For valorous and gallant conduct above and beyond the call of duty as a member of an assault engineer platoon of the 1st Battalion, 18th Marines, tactically attached to the Second Marine Division, in action against the Japanese-held atoll of Tarawa in the Gilbert Islands on 20 November 1943. Landing in the assault waves under withering enemy fire which killed all but four of the men in his tractor, SSgt Bordelon hurriedly made demolition charges and personally put two pillboxes out of action. Hit by enemy machine gun fire just as a charge exploded in his hand while assaulting a third position, he courageously remained in action and, although out of demolition, provided himself with a rifle and furnished fire coverage for a group of men scaling the seawall. Disregarding his own serious condition, he unhesitatingly went to the aid of one of his demolition men, wounded and calling for help in the water, rescuing this man and another who had been hit by enemy fire while attempting to make the rescue. Still refusing first aid for himself, he again made up demolition charges and single-handedly assaulted a fourth Japanese machine gun position but was instantly killed when caught in a final burst of fire from the enemy. SSgt Bordelon's great personal valor during a critical phase of securing the limited beachhead was a contributing factor in the ultimate occupation of the island, and his heroic determination throughout three days of violent battle reflects the highest credit upon the United States Naval Service. He gallantly gave his life for his country.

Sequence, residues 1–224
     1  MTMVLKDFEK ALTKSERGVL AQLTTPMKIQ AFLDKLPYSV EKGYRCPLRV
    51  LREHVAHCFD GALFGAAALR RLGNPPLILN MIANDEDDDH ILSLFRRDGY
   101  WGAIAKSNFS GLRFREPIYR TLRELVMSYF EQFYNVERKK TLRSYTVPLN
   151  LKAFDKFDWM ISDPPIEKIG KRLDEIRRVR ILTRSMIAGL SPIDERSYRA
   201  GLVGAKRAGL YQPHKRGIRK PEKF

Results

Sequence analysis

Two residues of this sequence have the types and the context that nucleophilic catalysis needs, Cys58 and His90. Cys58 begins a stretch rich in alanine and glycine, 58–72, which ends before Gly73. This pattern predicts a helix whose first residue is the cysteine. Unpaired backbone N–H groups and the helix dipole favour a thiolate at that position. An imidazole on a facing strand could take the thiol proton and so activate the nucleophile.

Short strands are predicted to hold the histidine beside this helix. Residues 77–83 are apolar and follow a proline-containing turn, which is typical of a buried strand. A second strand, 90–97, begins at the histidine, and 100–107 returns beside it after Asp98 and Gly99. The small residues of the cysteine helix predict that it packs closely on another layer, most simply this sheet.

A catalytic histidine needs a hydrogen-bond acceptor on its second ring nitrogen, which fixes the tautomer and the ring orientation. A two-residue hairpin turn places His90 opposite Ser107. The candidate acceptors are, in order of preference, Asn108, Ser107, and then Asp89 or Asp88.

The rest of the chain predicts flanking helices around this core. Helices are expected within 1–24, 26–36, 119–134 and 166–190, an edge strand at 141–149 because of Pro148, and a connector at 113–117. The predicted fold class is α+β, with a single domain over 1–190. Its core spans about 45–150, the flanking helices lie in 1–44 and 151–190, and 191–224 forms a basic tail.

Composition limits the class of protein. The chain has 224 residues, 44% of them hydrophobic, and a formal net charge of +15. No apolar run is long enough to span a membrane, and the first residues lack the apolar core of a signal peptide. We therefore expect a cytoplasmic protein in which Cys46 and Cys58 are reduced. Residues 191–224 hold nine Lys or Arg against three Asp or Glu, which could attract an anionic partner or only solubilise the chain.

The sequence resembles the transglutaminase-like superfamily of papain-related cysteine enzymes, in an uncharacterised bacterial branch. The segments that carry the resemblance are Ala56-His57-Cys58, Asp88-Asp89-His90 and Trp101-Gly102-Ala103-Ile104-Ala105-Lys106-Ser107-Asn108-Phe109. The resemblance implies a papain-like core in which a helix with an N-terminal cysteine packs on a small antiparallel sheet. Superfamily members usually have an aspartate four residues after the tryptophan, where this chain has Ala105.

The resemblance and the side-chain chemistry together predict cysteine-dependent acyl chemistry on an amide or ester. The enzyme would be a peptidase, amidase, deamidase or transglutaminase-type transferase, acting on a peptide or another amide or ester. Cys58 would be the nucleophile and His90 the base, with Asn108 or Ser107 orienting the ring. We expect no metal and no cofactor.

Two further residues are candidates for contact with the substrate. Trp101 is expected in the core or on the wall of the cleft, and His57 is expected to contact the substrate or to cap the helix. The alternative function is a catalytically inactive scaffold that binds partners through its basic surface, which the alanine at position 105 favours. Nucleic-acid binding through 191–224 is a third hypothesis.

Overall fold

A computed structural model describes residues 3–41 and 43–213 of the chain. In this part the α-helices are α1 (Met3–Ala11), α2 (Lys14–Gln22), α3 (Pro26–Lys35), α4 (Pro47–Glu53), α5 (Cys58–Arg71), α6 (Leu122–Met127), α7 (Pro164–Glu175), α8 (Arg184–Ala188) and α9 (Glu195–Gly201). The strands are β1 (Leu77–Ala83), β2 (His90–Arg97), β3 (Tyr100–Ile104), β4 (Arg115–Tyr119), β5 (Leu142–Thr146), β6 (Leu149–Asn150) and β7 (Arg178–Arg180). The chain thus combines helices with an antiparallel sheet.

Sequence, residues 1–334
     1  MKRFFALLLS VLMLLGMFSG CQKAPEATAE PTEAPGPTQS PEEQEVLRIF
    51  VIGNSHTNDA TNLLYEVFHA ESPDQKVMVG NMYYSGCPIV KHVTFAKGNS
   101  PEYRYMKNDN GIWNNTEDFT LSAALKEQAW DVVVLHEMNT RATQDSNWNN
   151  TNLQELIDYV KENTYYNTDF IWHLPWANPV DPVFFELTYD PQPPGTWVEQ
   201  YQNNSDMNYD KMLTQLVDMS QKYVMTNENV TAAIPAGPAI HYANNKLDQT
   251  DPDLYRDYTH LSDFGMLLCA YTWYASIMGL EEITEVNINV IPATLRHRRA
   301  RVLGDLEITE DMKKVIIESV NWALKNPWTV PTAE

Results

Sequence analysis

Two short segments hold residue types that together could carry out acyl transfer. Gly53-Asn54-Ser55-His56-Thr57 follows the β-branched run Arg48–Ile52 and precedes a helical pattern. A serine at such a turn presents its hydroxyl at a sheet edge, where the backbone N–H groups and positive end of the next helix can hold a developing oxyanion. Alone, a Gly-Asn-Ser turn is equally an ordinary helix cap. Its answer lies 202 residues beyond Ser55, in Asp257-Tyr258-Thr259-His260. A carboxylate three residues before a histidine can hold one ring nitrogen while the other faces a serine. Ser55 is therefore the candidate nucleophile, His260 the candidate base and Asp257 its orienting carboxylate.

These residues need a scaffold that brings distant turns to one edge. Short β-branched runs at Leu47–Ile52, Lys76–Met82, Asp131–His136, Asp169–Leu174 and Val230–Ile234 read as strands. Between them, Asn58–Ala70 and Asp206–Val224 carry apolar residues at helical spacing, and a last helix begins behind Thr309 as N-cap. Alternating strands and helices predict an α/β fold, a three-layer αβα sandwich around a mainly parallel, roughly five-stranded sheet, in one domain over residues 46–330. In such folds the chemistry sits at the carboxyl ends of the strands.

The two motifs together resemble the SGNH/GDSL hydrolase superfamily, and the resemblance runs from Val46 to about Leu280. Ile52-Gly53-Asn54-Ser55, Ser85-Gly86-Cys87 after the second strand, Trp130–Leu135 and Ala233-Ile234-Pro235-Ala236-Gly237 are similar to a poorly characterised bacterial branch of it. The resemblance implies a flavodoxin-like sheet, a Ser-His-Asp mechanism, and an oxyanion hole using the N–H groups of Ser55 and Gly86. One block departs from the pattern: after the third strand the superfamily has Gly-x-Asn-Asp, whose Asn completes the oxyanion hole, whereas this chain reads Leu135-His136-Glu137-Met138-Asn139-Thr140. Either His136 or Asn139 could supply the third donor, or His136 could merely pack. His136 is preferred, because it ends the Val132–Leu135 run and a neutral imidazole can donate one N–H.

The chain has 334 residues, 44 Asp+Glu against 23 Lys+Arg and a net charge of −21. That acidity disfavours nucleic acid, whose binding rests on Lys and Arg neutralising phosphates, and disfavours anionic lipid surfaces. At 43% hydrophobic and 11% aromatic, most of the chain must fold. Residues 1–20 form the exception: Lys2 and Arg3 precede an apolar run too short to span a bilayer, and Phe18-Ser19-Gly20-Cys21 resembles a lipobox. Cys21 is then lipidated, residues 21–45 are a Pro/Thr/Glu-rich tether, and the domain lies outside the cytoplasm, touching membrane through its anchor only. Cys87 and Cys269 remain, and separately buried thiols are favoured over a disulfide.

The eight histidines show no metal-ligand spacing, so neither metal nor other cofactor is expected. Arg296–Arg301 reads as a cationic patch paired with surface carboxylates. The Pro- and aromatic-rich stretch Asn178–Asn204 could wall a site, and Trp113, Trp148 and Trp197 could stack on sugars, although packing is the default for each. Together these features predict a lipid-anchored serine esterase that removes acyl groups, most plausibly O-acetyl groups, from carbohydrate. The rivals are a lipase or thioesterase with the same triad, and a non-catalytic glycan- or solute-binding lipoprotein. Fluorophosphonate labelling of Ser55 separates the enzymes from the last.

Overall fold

PFC Harold Glenn Epperson